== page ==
Education Funding

Lawmakers Rewrite State Aid Formula

By Debra Viadero — October 11, 2005 2 min read
  • Save to favorites
  • Print

The following offers highlights of the recent legislative sessions. Precollegiate enrollment figures are based on fall 2003 data reported by state officials for public elementary and secondary schools. The figures for precollegiate education spending do not include federal flow-through funds, unless noted.

Missouri

Gov. Ruth Ann Minner

Republican

Senate:
11 Democrats
22 Republicans


House:
64 Democrats
97 Republicans

Enrollment:
892,000

Establishing a new, more equitable system of paying for schools was the dominant legislative issue in 2005 for the Show Me State. The new formula, approved in May, sets a minimum per-pupil funding level from all sources of $6,117.

The plan attempts to shift Missouri away from a school funding system based largely on property wealth and tax levies to one that centers more on schools’ actual costs. Lawmakers had hoped their action would stave off a legal challenge from districts across the state, which have long complained that the old system led to disparities. Districts’ average per-pupil funding levels range from $5,000 to more than $14,000. (“Missouri OKs School Aid Plan; Likely Plaintiffs Unimpressed,” May 25, 2005)

While some districts have since dropped out of the lawsuit because of the new formula, most have signaled that they will carry on the challenge.

The new aid system is not intended to take effect until next year. Legislators said it would increase state aid to K-12 schools by nearly $1 billion over seven years. For the current fiscal year, lawmakers approved a budget that allots $3.7 billion for K-12 education—about $164 million, or 4 percent, more than in the previous fiscal year.

Lawmakers waged a battle over a proposal by Gov. Matt Blunt, a Republican, to eliminate Missouri’s First Steps program, which provides a range of intervention services for infants and toddlers with disabilities. To keep it going, the legislature ratified a sliding-fee scale for families that use the program and transferred costs for some services to health insurers.

The House rejected a bill that would have given tax credits to individuals or businesses for donations made to a state-administered scholarship program for low-income students seeking to attend private schools or pursue other educational opportunities.

Also, over the objections of biologists, lawmakers voted to adopt a Kansas City 4th grade class’s petition to make the North American bullfrog the state amphibian. Biologists opposed the choice because the bullfrog is an invasive species. (“Scientific Backlash,” May 11, 2005)

A version of this article appeared in the October 12, 2005 edition of Education Week

Events

Curriculum Webinar Computer Science Education Movement Gathers Momentum. How Should Schools React?
Discover how schools can expand opportunities for students to study computer science education.
School & District Management Webinar Fostering Student Well-Being with Programs That Work
Protecting student well-being has never been more important. Join this webinar to learn how to ensure your programs yield the best outcomes.
Reading & Literacy Webinar 'Science of Reading': What Are the Components?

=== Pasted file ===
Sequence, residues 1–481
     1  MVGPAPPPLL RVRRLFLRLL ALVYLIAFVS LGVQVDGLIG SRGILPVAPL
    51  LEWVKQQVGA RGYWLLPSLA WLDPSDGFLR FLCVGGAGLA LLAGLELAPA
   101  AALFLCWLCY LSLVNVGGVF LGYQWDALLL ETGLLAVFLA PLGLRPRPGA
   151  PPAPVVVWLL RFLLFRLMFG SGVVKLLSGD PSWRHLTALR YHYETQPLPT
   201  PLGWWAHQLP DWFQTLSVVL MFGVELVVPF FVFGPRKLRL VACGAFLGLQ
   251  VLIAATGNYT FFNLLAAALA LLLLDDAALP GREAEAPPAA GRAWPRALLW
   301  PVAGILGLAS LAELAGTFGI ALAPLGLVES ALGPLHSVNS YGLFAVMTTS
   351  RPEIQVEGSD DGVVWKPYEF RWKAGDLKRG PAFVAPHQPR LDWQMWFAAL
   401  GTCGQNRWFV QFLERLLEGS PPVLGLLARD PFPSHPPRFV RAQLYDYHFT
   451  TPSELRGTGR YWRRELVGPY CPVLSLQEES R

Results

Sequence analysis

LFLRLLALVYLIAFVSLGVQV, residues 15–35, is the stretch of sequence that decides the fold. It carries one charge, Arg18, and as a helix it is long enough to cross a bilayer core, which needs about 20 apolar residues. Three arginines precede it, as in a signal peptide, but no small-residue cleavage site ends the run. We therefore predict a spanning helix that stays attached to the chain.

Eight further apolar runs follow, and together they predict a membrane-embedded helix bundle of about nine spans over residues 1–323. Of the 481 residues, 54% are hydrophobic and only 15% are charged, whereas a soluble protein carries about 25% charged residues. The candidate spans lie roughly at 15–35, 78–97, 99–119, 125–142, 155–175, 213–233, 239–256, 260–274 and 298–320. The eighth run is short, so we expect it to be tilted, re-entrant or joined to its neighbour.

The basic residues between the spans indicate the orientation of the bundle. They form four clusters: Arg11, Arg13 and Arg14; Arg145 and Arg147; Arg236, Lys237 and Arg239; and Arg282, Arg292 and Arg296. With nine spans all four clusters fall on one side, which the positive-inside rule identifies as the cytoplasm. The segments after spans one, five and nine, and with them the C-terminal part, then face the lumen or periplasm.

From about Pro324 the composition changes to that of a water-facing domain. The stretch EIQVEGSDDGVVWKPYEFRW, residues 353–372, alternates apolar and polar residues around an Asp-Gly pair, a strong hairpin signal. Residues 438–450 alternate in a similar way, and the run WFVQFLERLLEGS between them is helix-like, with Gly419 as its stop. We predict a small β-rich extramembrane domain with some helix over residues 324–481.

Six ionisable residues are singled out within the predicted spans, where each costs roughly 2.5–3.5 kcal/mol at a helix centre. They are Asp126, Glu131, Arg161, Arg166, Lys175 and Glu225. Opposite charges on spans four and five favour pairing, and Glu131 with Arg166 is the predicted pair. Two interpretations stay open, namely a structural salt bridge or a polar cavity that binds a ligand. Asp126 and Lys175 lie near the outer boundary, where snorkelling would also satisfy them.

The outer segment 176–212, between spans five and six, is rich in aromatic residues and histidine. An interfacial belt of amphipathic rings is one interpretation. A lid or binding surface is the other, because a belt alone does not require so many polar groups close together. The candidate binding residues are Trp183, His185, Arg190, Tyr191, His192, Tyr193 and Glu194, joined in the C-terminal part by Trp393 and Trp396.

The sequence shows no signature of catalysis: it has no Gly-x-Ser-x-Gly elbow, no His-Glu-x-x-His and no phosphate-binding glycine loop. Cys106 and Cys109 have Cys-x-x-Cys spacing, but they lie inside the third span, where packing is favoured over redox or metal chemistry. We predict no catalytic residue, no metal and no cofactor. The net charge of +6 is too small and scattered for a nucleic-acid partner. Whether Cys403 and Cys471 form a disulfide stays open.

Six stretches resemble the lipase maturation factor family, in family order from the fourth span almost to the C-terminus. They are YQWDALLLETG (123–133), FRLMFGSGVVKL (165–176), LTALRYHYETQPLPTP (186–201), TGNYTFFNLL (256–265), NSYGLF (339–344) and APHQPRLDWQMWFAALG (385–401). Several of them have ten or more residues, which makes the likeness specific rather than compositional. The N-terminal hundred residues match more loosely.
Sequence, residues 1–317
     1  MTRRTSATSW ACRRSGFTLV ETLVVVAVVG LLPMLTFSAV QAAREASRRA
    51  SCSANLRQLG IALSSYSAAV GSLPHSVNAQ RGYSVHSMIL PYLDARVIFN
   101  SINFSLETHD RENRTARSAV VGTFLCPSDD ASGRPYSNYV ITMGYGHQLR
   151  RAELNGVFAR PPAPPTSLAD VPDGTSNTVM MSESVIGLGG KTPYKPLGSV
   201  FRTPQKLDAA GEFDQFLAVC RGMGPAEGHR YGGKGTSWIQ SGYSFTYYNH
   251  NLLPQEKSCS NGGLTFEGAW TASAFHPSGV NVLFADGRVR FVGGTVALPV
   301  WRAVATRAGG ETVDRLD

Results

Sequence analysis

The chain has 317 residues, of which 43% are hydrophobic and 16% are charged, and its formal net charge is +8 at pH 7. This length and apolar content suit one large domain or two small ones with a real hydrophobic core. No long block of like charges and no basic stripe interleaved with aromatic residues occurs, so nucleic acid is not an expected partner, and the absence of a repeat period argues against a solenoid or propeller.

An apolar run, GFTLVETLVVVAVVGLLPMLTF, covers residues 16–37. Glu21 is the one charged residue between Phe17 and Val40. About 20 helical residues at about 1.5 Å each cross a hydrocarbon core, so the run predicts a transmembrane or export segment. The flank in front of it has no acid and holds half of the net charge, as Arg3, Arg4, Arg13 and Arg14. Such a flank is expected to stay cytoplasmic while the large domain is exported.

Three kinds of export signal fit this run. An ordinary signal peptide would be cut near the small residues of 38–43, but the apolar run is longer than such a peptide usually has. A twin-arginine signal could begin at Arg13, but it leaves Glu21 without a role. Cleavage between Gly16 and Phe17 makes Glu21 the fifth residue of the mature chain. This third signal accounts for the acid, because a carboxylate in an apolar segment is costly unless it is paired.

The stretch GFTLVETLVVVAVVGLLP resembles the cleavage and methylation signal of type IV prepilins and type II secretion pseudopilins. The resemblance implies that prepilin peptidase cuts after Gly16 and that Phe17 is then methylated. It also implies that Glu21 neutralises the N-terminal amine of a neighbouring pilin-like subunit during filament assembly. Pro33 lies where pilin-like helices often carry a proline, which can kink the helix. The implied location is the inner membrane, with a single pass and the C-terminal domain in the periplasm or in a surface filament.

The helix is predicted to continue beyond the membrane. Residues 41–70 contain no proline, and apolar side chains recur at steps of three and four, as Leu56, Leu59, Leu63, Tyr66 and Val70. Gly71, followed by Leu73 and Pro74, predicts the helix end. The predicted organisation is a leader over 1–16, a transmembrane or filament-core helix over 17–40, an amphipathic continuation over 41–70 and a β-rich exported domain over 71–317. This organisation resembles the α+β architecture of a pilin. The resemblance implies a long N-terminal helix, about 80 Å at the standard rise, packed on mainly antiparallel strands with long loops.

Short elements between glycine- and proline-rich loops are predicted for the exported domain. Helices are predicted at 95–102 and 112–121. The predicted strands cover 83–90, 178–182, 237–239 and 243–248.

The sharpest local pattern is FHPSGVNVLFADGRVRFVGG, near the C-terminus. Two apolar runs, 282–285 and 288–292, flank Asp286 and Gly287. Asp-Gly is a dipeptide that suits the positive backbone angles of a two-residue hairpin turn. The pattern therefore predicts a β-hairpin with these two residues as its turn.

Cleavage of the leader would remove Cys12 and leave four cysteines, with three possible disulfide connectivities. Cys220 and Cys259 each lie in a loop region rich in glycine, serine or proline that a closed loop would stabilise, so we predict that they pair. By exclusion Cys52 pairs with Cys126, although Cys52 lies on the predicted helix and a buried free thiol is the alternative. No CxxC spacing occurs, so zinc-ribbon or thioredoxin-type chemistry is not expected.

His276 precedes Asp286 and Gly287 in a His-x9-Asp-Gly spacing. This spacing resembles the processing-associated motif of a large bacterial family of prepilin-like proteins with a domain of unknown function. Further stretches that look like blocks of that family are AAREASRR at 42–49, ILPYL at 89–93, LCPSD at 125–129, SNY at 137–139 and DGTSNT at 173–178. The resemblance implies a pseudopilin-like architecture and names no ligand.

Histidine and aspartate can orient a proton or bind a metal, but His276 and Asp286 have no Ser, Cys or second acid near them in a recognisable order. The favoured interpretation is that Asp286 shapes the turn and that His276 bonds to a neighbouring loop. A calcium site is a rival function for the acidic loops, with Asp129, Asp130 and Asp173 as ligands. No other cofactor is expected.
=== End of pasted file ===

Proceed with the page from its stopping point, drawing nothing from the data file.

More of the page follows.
Learn how to adopt a “science of reading” approach to early literacy to effectively build students’ vocabulary and content knowledge.

EdWeek Top School Jobs

Teacher Jobs
Search over ten thousand teaching jobs nationwide — elementary, middle, high school and more.
View Jobs
Principal Jobs
Find hundreds of jobs for principals, assistant principals, and other school leadership roles.
View Jobs
Administrator Jobs
Over a thousand district-level jobs: superintendents, directors, more.
View Jobs
Support Staff Jobs
Search thousands of jobs, from paraprofessionals to counselors and more.
View Jobs

Read Next

Education Funding Districts Steer Federal Teacher-Quality Funding Into Recruitment, Retention
Efforts to recruit teachers and create "grow your own" programs are in; class-size reduction and teacher evaluation are out.
5 min read
Blurred view of the back of students in a classroom with their hands raised answering to a female teacher
E+/Getty
Education Funding In Their Own Words This Superintendent's Tiny, Rural District Got No COVID Aid. Here's Why That Hurts
The aid formula left Long Lake, N.Y., out of the mix. The superintendent worries that could happen for other kinds of aid in the future.
3 min read
Long Lake Superintendent Noelle Short in front of Long Lake Central School in Long Lake, N.Y., on Sept. 1, 2022.
Noelle Short is the superintendent of a single-school district in upstate New York with fewer than 100 students.
Heather Ainsworth for Education Week
Education Funding Grants Aim to Support Alaska Native Students' Education, Well-Being
The U.S. Department of Education is providing more than $35 million for projects in its latest round of funding.
2 min read
The East Anchorage High and Scammon Bay students gather at a home in the Native Village to learn how to comb fur from a musk ox hide using special combs and common forks. The fur can later be spun into yarn.
Students from East Anchorage High School and Scammon Bay, Alaska, gather to learn how to comb fur from a musk ox hide through a federally funded cultural and educational program for Alaska Native students.
Erin Irwin/Education Week
Education Funding District Leaders Plea to Feds: We Need More Time to Spend COVID Aid
Without more flexibility on the 2024 spending deadline, critical programs will be axed, they warn.
5 min read
Image of money and a timer.
iStock/Getty